Expanded supports for people living with eating disorders
British Columbians affected by eating disorders will benefit from expanded services, supports and more timely access to care, with an investment to help meet increased need because of the COVID-19 pandemic.
The Government of B.C. is investing $6.6 million to increase access to virtual peer support services and enhanced eating disorder services throughout the province. This expansion of eating disorder care comes at a time when the number and severity of cases of this life-threatening illness has reached an all-time high, due to increased anxiety and social isolation caused by the pandemic.
“Eating disorders are the deadliest, yet most misunderstood mental illness,” said Sheila Malcolmson, Minister of Mental Health and Addictions. “People suffering from eating disorders have told me their well-being and access to services has been disrupted by the pandemic. That is why we are expanding services in every health authority to ensure that more people get the help they need and deserve.”
The investment through Budget 2021 will support regional health authorities over three years in hiring more staff to expand existing eating disorder services and facilitate timely access to supports.
Budget 2021 also provides an additional $530,000 over three years to the Looking Glass Foundation for Eating Disorders to support increased access to virtual peer services for people living with an eating disorder. Virtual peer supports are critical to ensure services are available when and where people need them. The supports will help improve access and quality of care, particularly for people in rural and underserved communities. This investment complements an additional $87,000 grant from the Province that will further support the Looking Glass Foundation’s work to help people on their recovery journey.
“We are very grateful to the Ministry of Mental Health and Addictions for their support and their recognition of the severity of this illness, which impacts the lives of so many British Columbians,” said Susan Climie, executive director, Looking Glass Foundation for Eating Disorders. “This funding is crucial in enabling us to strengthen our efforts towards eliminating the stigma surrounding eating disorders and providing low-barrier support to whoever needs it, when and where they need it in the province.”
This funding supports the Province’s goal of improved access, better quality and ensuring equitable access to culturally safe and effective care. This is outlined in A Pathway to Hope, B.C.’s roadmap for creating a seamless, comprehensive system of mental health and addictions care that works for everyone.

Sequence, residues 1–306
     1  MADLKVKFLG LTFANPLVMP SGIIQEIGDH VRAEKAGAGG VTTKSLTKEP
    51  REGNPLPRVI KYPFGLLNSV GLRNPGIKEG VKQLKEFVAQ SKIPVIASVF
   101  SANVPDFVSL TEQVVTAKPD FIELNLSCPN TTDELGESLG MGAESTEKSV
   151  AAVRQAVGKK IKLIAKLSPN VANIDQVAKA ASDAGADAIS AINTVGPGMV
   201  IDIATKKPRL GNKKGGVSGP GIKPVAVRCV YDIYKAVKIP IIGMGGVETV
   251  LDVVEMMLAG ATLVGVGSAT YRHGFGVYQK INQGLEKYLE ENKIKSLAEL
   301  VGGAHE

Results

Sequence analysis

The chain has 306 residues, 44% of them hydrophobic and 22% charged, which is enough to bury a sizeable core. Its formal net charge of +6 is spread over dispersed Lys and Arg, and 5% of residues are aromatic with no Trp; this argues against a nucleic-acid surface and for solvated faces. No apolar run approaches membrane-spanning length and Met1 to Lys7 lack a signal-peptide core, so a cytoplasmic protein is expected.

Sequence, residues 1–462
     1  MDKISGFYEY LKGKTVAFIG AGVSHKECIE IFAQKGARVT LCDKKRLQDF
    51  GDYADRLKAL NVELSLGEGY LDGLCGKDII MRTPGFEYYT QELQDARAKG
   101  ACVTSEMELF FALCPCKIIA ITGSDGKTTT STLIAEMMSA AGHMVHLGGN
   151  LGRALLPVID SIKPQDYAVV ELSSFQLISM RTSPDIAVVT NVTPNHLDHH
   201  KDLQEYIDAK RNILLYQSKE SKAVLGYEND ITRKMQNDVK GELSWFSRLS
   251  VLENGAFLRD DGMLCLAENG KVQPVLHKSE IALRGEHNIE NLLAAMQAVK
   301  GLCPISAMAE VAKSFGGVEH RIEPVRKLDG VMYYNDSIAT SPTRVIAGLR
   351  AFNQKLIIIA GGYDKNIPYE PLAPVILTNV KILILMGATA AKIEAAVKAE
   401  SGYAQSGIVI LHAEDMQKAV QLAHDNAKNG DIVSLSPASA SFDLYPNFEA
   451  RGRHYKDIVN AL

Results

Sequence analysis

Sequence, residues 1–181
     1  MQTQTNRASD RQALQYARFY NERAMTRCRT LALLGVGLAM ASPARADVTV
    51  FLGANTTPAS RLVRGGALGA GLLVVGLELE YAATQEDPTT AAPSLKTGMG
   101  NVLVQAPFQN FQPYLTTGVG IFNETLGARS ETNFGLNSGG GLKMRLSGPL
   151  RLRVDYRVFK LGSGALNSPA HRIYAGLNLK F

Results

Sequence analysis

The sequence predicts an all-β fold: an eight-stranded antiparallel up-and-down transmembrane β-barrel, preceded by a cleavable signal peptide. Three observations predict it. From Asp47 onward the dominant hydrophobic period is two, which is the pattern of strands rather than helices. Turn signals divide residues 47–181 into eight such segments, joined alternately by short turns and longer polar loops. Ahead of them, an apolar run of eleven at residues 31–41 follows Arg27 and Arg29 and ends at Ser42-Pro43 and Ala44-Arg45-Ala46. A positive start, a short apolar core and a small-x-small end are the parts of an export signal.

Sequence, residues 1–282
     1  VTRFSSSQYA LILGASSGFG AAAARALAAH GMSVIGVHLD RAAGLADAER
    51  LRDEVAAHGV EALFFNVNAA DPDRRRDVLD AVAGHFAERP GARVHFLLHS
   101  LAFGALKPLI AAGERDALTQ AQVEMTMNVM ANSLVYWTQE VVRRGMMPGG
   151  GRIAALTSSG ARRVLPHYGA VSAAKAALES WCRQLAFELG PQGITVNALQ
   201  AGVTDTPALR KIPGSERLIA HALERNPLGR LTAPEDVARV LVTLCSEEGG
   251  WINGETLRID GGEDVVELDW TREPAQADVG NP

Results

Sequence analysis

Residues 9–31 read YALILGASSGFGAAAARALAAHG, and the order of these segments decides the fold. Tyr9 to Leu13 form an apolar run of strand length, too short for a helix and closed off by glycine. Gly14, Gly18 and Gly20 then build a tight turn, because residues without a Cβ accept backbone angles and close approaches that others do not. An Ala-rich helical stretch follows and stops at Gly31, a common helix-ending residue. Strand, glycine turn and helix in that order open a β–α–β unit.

Bowinn Ma, MLA for North Vancouver-Lonsdale –
“From personal experience, I know that living with an eating disorder can feel like being trapped in a vicious cycle. Stigma and fear of judgment keep many people from reaching out for help, leaving them isolated to grapple with this deadly illness alone. Being able to connect with a peer who understands and has been through the same struggle can be a lifeline for those living with an eating disorder.”
Jonny Morris, CEO, Canadian Mental Health Association, BC Division –
“When we help families, caregivers and individuals navigate the mental-health system, we so often hear about the critical need for timely and accessible eating disorder care. This investment in treatment and peer support will bridge an important gap for people whose lives are so significantly impacted and help with getting the right care at the right time.”
Kate Grantham, peer-support volunteer, Looking Glass Foundation For Eating Disorders –
“As a Looking Glass volunteer and someone who has recovered from an eating disorder, I have experienced and witnessed how these programs change, and can even save, lives. I know first-hand how lonely, disorienting and frightening eating disorders can be, and I cannot stress enough how vital this support is.”
- Eating disorders are a serious mental-health concern that impact people regardless of gender, age, racial and ethnic identity, sexual orientation or socioeconomic background.
- Approximately 600,000 to 900,000 Canadians are diagnosed with an eating disorder each year.
- Eating disorders have the highest overall mortality rate of any mental illness, with estimates between 10-15% for anorexia nervosa and 5% for bulimia nervosa.
Looking Glass Foundation for Eating Disorders: https://www.lookingglassbc.com/
To find eating disorders services and supports, visit:
To learn more about A Pathway to Hope, visit: https://bit.ly/33HyFHy
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